In this mystery in the award-winning series featuring a twelfth-century Benedictine monk, Brother Cadfael must travel to the heart of a leper colony to root out the secret behind a savage murder. Setting out for the Saint Giles leper colony outside Shrewsbury, Brother Cadfael has more pressing matters on his mind than the grand wedding coming to his abbey. But as fate would have it, Cadfael arrives at Saint Giles just as the nuptial party passes the colony’s gates. When he sees the fragile bride looking like a prisoner between her two stern guardians and the bridegroom—an arrogant, fleshy aristocrat old enough to be her grandfather—he quickly discerns this union may be more damned than blessed. Indeed, a savage murder will interrupt the May–December marriage and leave Cadfael with a dark, terrible mystery to solve. Now, with the key to the killing hidden among the lepers of Saint Giles, the monk must ferret out a sickness not of the body, but of a twisted soul.
About the Author
Ellis Peters is a pseudonym of Edith Mary Pargeter (1913–1995), a British author whose Chronicles of Brother Cadfael are credited with popularizing the historical mystery. Cadfael, a Welsh Benedictine monk living at Shrewsbury Abbey in the first half of the twelfth century, has been described as combining the curious mind of a scientist with the bravery of a knight-errant. The character has been adapted for television, and the books drew international attention to Shrewsbury and its history. Pargeter won an Edgar Award in 1963 for Death and the Joyful Woman , and in 1993 she won the Cartier Diamond Dagger, an annual award given by the Crime Writers’ Association of Great Britain. She was appointed officer of the Order of the British Empire in 1994, and in 1999 the British Crime Writers’ Association established the Ellis Peters Historical Dagger award, later called the Ellis Peters Historical Award.
Read an Excerpt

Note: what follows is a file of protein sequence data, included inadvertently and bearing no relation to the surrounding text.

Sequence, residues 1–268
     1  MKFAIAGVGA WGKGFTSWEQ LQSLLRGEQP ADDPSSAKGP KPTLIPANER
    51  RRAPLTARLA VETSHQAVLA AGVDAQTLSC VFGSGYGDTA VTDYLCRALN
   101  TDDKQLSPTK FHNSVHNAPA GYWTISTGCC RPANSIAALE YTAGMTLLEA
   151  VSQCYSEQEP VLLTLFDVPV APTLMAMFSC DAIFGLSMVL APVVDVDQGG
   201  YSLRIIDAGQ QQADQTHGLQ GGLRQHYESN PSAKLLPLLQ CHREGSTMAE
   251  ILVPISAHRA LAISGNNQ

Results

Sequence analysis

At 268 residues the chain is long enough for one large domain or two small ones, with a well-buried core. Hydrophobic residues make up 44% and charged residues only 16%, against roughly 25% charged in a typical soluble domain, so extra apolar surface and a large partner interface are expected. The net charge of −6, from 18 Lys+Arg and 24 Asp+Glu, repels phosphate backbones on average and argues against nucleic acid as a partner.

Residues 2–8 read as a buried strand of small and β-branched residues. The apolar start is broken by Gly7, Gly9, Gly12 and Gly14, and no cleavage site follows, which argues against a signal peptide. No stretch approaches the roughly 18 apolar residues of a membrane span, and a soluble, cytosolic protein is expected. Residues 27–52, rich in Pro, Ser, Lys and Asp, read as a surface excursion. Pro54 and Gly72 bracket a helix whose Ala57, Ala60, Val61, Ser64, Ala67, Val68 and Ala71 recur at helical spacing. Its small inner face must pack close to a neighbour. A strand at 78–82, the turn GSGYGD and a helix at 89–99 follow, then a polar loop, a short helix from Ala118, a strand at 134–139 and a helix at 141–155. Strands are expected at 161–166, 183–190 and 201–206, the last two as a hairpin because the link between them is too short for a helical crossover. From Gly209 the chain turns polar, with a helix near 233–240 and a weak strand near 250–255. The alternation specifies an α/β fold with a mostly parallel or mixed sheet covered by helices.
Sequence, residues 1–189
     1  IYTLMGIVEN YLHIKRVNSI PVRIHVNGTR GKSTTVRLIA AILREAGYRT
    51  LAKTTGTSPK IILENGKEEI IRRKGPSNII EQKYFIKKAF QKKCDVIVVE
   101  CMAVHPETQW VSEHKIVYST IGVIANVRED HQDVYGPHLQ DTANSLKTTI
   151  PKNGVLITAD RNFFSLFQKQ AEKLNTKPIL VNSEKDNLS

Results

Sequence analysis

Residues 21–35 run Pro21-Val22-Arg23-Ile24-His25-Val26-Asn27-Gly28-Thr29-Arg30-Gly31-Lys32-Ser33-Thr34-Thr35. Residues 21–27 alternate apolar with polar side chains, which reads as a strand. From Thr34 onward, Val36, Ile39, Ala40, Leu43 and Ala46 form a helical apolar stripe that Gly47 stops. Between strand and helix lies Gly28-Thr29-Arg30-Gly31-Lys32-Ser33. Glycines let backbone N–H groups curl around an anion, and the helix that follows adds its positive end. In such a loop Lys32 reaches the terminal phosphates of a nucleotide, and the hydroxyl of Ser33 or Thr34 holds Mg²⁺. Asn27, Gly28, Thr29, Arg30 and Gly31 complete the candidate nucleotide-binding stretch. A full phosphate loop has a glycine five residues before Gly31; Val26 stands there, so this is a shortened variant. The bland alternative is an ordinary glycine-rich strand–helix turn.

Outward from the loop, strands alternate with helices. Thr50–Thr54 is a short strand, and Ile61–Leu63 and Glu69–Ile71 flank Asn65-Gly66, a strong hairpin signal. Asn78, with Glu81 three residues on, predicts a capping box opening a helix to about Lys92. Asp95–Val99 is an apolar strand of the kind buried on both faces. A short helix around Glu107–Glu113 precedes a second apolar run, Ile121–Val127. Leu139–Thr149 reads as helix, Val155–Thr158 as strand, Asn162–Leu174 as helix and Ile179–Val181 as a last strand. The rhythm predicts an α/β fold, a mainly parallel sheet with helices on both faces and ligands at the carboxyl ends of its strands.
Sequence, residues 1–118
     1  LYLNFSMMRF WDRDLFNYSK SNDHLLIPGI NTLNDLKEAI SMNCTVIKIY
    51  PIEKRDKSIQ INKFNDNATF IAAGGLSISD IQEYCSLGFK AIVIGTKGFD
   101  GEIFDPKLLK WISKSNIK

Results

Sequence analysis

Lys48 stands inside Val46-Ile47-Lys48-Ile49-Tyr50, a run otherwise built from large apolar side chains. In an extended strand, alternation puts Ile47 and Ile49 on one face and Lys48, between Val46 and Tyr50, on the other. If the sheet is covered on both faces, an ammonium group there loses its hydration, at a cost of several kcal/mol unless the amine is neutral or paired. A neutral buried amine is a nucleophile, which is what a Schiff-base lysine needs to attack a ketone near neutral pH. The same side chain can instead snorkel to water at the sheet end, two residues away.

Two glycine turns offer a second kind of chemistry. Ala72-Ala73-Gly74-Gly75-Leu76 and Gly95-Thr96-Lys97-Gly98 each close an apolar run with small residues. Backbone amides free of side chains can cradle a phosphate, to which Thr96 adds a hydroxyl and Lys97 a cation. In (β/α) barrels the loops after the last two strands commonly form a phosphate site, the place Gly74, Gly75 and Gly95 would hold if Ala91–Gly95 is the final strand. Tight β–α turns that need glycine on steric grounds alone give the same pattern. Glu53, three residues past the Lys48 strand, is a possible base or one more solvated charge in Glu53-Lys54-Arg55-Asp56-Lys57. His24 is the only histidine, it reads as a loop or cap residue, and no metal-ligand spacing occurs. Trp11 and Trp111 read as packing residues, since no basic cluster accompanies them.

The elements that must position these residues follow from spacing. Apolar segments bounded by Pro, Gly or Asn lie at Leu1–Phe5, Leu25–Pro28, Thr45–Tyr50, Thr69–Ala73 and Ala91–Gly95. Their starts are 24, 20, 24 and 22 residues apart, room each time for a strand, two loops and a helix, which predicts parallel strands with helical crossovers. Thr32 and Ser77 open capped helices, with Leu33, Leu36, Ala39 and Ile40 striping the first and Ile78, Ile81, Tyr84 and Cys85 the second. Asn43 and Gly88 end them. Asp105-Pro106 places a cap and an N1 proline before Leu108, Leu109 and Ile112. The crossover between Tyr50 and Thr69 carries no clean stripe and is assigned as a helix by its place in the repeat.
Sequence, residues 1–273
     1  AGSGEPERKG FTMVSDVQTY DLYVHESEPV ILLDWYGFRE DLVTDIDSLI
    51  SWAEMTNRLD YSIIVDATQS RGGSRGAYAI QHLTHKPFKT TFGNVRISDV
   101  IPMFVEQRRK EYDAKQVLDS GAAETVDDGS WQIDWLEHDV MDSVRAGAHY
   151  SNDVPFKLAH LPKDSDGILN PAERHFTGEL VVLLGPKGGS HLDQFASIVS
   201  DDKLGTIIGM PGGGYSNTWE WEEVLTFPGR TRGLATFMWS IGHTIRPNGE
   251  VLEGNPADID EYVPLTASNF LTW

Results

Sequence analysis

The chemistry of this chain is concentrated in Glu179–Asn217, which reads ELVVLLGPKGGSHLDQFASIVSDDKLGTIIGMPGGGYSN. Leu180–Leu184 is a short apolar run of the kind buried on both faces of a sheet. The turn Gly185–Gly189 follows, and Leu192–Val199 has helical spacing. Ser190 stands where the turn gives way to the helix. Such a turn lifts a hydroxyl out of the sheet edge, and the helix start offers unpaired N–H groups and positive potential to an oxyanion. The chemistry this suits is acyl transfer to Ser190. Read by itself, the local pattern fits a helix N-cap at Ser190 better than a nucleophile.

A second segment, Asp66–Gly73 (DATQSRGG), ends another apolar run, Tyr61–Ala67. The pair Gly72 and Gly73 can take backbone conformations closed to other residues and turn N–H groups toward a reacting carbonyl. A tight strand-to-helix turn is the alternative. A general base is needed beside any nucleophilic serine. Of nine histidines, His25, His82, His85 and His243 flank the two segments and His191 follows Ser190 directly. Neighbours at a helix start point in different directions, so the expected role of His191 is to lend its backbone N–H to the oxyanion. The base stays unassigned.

The Leper of St Giles
The Fifth Chronicle Of Brother Cadfael, Of The Benedictine Abbey Of Saint Peter And Saint Paul, At Shrewsbury
By Ellis Peters
MysteriousPress.comCopyright © 1981 Ellis Peters
All rights reserved.
Brother Cadfael set out from the gatehouse, that Monday afternoon of October, in the year 1139, darkly convinced that something ominous would have happened before he re-entered the great court, though he had no reason to suppose that he would be absent more than an hour or so. He was bound only to the hospital of Saint Giles, at the far end of the Monks' Foregate, barely half a mile from Shrewsbury abbey, and his errand was merely to replenish with oils, lotions and ointments the medicine cupboard of the hospital.
They were heavy on such remedies at Saint Giles. Even when there were few lepers, for whose control and assistance the hospice existed, there were always some indigent and ailing souls in care there, and the application of Cadfael's herbal remedies soothed and placated the mind as well as the skin. He made this pilgrimage on an average every third week, to replace what had been used. These days he made it with all the better will because Brother Mark, his much-prized and dearly-missed assistant in the herbarium, had felt it to be his destiny to go and serve with the unfortunate for a year, and a visit to Saint Giles was now a blessed reminder of peaceful days departed.